This article is part three of a six-part series on Next Generation 911
Part one | Part two | Part three | Part four | Part five | Part six
To determine what Next Generation 911 (NG 9-1-1) means for each public safety answering point (PSAP) is a bit complicated.
Currently, each PSAP in every community in every state is at a different level of readiness for NG 9-1-1. However, according to standards put into place regarding NG 9-1-1 by the National Emergency Number Association (NENA), every dispatcher and call taker is going to be expected to communicate with those in need of 9-1-1 emergency services in more ways than just by voice.
This change is similar to what it was like when technology moved away from rotary phones to push buttons phones to phones with no buttons at all. This is a change that reflects how communication has changed and how that impacts all parts of our lives.
Since the sending of text messages is something many if not most people do now, there is a growing conversation among people wondering if they can send a text to 9-1-1. These people also wonder why they can't send a photo message or a video message or a live stream of a crime happening to 9-1-1 now.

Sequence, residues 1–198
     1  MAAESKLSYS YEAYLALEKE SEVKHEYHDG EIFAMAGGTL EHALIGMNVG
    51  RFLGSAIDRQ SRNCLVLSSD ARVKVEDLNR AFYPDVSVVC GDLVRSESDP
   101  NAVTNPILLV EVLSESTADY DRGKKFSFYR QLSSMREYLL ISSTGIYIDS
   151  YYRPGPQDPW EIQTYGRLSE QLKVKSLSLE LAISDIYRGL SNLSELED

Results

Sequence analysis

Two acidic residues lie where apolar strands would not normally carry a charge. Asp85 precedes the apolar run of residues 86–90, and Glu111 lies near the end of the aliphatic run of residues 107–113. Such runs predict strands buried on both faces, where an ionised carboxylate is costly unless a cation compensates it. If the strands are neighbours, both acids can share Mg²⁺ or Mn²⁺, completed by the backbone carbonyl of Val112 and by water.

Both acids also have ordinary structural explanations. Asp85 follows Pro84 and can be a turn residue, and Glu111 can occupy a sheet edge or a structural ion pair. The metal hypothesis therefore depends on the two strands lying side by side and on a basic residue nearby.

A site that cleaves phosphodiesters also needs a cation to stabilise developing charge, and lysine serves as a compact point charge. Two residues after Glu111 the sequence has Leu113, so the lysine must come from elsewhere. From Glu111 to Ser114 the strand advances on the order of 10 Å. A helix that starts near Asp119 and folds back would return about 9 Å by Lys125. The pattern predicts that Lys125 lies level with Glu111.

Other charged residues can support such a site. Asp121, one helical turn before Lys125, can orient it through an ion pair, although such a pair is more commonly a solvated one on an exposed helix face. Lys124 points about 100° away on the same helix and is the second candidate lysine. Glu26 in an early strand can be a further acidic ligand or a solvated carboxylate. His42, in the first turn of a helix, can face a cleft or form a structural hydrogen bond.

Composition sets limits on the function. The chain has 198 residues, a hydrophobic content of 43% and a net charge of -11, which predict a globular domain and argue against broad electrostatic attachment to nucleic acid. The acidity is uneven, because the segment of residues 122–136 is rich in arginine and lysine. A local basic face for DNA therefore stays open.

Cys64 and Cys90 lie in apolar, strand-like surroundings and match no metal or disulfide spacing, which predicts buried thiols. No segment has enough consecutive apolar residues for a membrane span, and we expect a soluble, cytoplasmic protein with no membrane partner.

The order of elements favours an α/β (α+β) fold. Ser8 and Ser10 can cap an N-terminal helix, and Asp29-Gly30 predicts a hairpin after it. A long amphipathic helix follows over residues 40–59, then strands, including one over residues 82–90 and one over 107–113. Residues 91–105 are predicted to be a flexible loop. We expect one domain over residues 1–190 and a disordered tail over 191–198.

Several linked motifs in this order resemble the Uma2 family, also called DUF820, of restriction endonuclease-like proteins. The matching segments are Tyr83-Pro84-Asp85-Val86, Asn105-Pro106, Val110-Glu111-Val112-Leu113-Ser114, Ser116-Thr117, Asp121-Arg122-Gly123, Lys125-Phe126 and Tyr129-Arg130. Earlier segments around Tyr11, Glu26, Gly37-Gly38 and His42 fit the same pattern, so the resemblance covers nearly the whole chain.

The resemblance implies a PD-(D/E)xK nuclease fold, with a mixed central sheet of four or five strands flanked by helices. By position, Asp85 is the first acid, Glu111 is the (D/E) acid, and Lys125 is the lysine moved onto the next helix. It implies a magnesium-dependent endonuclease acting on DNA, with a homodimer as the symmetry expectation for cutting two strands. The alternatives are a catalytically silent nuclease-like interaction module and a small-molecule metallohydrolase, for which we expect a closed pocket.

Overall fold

NG 9-1-1 makes it possible for everyone to send these types of messages to 9-1-1, and PSAPs will be able to receive these messages, it's just a matter of when.
As of October 2016, each PSAP in the country is working independently to become ready for NG 9-1-1.
PSAPs that are slightly ahead of the game are ready to accept text calls from the community, but this only accounts for approximately 15% of PSAPs nationwide.
Read part four of the series »
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